By Susan C. Jenkins
What do you do when all of a sudden you find yourself the primary #caregiver of a 50-year-old brother with rapidly progressing multiple sclerosis? Well, if you’re like Virginia Miles, you jump in with both feet and learn everything you can about the system. You learn what the options are, what obstacles you are likely to face, and how to overcome them.
The first lesson Virginia learned is that the further along the disability is, the greater the challenges in navigating the system. The second lesson was the importance of speaking up and never stop asking questions. Learn all of the possible options that exist and keep pressing for more information if you aren’t satisfied with what you’re hearing.
The first hurdle she encountered was the cost of her brother’s medications—over $30,000 a year. Her brother had no private insurance, and because he was under 65, the drugs were not covered by a government program. Virginia approached the pharmaceutical manufacturers who made the drugs her brother took and requested a discount on compassionate grounds. She got it. Next she approached the pharmacy where he filled his prescriptions and negotiated a reduced markup. She was eventually able to bring the cost of his drugs down to about $150 a month, a reduction of more than $28,000 a year.
The challenges mount
The next hurdle she had to overcome was her brother’s day-to-day care. Because he was entitled to only three hours of home care per week, living alone wasn’t a safe option for him. Compounding the problem of being unable to care for himself was the fact that no effort was made to match the care provider’s skills and personality to her brother’s needs and temperament, making the arrangement awkward. Adding to the difficulties were the care provider’s frequent late arrivals and no shows. Clearly, Virginia had to find another option.
While home care was inadequate to allow him to stay in his apartment, a long-term care facility didn’t seem to be right either. He didn’t need that level of care, and Virginia felt it wasn’t a good option for someone his age. Someone recommended a group home, but care at that facility proved to be inadequate as well. In fact, they weren’t even aware that her brother climbed out of the window at night to get some fresh air! Eventually, she determined that a long-term care facility was the best option, despite her initial reservations. At first, it seemed like a great place, but things went downhill pretty rapidly.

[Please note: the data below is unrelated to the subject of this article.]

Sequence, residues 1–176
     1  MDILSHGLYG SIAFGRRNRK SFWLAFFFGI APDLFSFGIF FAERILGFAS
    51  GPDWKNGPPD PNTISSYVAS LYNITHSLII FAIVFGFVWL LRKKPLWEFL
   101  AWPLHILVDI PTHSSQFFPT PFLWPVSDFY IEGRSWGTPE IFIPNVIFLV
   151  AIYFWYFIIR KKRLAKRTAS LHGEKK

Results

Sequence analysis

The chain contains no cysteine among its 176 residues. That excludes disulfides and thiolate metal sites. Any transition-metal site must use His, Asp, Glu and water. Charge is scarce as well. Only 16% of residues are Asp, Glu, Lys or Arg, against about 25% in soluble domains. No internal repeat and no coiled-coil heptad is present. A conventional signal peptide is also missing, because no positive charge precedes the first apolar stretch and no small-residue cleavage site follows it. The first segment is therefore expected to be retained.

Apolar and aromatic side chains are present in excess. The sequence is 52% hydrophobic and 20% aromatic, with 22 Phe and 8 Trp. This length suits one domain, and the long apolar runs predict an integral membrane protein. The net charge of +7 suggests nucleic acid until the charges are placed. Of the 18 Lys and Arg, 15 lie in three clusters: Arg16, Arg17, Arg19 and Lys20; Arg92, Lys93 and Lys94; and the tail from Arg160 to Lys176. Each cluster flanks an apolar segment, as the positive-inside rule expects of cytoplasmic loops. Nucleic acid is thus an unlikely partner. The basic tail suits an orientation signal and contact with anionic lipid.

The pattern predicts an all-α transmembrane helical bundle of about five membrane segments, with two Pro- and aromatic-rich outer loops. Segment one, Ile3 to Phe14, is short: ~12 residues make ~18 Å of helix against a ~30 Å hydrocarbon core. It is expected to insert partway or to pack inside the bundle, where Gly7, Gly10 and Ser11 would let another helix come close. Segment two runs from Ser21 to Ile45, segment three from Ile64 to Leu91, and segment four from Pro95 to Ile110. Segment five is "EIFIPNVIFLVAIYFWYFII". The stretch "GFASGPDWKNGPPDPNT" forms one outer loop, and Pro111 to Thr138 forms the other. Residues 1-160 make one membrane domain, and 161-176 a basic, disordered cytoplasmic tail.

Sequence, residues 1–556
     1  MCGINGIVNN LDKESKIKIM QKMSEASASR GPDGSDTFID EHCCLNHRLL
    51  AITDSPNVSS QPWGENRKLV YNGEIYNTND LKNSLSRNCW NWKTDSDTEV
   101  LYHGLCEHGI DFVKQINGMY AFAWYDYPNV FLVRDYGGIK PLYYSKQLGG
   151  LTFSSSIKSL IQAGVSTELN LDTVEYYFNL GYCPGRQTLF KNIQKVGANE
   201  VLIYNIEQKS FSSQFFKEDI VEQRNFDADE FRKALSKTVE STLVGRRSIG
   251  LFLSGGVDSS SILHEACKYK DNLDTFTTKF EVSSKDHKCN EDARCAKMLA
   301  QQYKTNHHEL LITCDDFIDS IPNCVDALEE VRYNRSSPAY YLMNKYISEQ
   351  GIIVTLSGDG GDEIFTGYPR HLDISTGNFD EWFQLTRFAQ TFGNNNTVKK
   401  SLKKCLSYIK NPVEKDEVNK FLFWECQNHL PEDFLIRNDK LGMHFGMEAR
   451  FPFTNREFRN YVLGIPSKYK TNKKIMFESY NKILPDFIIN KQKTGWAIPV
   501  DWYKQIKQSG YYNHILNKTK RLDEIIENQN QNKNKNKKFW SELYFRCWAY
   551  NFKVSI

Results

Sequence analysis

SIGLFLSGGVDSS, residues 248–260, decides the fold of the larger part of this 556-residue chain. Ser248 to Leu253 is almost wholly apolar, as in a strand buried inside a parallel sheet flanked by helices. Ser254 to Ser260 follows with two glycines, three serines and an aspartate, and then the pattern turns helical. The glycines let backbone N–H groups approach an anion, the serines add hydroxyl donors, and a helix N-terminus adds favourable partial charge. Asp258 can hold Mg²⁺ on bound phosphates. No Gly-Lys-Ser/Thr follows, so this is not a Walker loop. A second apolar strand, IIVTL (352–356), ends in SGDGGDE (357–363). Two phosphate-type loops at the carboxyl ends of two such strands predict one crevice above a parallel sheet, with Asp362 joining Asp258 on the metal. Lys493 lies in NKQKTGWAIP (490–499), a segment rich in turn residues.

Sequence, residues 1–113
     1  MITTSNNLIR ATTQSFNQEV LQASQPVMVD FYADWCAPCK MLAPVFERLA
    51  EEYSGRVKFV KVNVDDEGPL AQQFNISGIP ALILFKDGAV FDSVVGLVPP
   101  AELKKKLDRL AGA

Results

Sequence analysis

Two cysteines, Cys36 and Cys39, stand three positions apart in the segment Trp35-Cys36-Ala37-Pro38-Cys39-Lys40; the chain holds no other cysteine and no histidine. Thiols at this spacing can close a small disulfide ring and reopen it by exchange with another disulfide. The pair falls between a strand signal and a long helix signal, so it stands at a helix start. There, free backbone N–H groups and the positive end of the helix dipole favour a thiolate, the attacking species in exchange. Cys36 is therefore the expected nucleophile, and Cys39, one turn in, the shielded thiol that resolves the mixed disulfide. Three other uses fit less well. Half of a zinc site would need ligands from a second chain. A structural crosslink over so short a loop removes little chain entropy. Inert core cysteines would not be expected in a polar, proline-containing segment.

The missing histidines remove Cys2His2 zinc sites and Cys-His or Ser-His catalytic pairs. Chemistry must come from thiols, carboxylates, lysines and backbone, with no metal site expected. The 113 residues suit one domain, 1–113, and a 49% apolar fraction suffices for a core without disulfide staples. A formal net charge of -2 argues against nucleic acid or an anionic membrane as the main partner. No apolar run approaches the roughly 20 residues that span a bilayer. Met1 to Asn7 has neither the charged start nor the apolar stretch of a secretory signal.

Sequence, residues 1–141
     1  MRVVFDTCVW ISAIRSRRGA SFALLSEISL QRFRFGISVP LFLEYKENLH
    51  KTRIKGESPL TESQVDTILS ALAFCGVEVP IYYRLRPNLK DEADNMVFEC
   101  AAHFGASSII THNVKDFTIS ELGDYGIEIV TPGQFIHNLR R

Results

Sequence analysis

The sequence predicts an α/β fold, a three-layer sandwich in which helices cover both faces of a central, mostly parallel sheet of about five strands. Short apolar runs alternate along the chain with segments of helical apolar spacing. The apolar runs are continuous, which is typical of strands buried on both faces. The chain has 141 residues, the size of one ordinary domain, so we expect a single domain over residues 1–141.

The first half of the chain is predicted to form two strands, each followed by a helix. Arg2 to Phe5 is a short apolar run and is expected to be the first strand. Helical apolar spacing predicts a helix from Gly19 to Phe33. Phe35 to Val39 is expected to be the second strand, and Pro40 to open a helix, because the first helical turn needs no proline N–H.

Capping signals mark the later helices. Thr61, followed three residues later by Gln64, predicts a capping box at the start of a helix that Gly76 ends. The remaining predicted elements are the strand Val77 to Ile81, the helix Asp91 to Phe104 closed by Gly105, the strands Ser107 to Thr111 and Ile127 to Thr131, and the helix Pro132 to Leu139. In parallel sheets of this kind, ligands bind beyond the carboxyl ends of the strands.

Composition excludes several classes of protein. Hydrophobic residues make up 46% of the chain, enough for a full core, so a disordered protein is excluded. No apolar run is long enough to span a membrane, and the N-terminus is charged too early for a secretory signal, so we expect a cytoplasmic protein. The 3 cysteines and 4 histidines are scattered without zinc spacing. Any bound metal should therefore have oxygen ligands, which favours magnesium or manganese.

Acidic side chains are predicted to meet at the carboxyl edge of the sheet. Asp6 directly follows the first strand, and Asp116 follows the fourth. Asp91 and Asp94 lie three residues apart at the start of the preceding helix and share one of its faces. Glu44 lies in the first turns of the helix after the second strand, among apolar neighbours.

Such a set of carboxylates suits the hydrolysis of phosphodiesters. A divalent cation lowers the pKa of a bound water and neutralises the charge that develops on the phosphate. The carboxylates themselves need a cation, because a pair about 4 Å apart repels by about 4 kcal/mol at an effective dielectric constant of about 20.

A new path
Virginia’s experiences led her down a new path. She formed her own company, Compass Healthcare Solutions (www.compasshcsolutions.com) to help guide others through the crosscurrents of the healthcare system. She offers the following advice to families and caregivers who are faced with navigating the system.
· Involve close family members in the decision-making process
· Be very clear with service providers and healthcare provides about the patient’s needs and wants
· Keep track of everything—appointments, tests, results, medications, treatments
· Follow up continually
· Get everything in place—a will, a living will, and powers of attorney
· Don’t let long-term care decisions reach the crisis point. Do your research ahead of time
· Ask lots of questions, and don’t accept anything at face value. If something doesn’t sound right, check it out.
· Become an expert—research all of your options.
Be an Advocate
· Stand up for your rights. Don’t be afraid to challenge what you hear or the people you hear it from.
· Your loved one’s care is in your hands. Remember that you are in control.
Susan C. Jenkins is a freelance writer and editor specializing in medicine, pharmacy, and healthcare (linkedin.com/in/susan-jenkins-74ab0123).